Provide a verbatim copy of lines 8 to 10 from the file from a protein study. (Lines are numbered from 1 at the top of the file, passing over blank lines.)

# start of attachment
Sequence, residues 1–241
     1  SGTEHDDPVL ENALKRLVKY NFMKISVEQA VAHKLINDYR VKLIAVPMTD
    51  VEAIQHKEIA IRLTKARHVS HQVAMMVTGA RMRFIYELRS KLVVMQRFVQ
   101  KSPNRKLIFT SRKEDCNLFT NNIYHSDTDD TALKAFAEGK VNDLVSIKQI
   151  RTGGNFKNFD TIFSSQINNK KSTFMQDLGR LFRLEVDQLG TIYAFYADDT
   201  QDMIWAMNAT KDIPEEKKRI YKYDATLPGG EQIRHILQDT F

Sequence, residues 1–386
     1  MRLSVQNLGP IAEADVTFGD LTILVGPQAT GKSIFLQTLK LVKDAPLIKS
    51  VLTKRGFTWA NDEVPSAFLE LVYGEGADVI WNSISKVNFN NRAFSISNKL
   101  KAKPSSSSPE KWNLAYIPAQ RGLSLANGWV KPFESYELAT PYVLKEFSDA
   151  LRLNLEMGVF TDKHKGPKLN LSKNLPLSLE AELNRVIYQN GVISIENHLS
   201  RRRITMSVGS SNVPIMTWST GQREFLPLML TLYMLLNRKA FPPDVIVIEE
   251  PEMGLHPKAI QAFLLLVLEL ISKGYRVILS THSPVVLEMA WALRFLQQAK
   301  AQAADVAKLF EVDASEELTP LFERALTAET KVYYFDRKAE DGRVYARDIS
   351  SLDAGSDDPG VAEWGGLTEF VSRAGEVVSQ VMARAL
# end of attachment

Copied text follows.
     1  MRLSVQNLGP IAEADVTFGD LTILVGPQAT GKSIFLQTLK LVKDAPLIKS
    51  VLTKRGFTWA NDEVPSAFLE LVYGEGADVI WNSISKVNFN NRAFSISNKL
   101  KAKPSSSSPE KWNLAYIPAQ RGLSLANGWV KPFESYELAT PYVLKEFSDA